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How to Plan a Flash Mob

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An Evolving Understanding of Flash Mobs

In the crush of media attention that has chronicled nearly a decade of flash mobs around the world, there are certainly plenty of events that meet the textbook definition of being text message and Internet-enabled confabs of strangers collectively doing something pointless. London's underground stations have been particularly popular flash mob spots over the years. For instance, Liverpool Street Station has been the location of what's known as a "silent disco," in which flash mobbers wearing MP3 players descend on the station and, at an agreed upon time, begin dancing to the tunes only they can hear through their earphones.

Yet as awareness and popularity has grown, plenty of well-planned get-togethers of non-strangers have begun to be termed flash mobs as well. For instance, a flash-mob performance by the Mormon Tabernacle Choir at Colonial Williamsburg in Virginia in the summer of 2011 was likely a big surprise to visitors who were there that day; but members of the famous singing troupe obviously know one another and they're accomplished because they are so well practiced. It's also doubtful that those in the audience who enjoyed the concert or the members of the choir consider their talents pointless or meaningless.

A number of events held around the world have also been called flash mobs, even though organizers pointedly say they are not. One in particular, a pillow fight held annually in cities across the globe, is actually part of what's called the urban playground movement, which is not supposed to happen quickly, but is instead designed to encourage people to linger and get to know one another [source: Athavaley].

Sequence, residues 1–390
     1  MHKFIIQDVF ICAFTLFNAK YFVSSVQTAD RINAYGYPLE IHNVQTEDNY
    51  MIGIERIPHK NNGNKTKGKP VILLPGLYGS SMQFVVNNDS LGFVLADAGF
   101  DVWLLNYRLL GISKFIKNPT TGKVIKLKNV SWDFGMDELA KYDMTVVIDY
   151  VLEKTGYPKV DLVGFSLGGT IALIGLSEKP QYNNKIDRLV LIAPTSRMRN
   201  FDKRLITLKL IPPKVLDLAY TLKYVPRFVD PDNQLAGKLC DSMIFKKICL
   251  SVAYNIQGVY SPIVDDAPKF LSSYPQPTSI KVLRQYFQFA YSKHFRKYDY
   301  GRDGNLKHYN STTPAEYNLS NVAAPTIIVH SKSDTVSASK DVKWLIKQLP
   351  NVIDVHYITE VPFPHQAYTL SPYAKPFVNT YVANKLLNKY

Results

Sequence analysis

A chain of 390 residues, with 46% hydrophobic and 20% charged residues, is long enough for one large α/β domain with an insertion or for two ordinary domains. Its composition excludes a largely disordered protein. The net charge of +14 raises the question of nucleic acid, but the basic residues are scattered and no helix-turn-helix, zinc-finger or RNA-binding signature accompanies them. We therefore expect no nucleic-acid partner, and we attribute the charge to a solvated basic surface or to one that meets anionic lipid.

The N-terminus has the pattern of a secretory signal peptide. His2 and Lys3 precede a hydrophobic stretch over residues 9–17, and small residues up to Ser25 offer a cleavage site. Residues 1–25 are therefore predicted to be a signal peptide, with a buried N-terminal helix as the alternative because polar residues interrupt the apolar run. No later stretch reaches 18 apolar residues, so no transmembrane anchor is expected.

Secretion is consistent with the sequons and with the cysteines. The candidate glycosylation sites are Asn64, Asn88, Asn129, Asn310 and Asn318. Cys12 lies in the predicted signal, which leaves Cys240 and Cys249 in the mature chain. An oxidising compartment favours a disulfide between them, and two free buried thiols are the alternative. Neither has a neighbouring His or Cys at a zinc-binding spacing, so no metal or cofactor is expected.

Other events labeled as flash mobs are sure to make purists scoff. Companies like Sears and Vitaminwater, for example, have hired Jason Laws to be director, choreographer and producer for marketing events they bill as flash mobs. Among his many tasks on these jobs, Law says, is to come up with a concept with his client and then storyboard how it will work, audition and hire performers, as well as secure permits from local authorities. Besides this commercial bent, flash mob is the term that was also applied to impromptu gatherings of young people in Philadelphia in 2010. Although they were organized via social media and brought together strangers, there was nothing fun about them: Stores were vandalized and innocent bystanders attacked, prompting criticism by the mayor and a crackdown by police [source: Urbina].

Keep reading to learn more about the allure of flash mobs.


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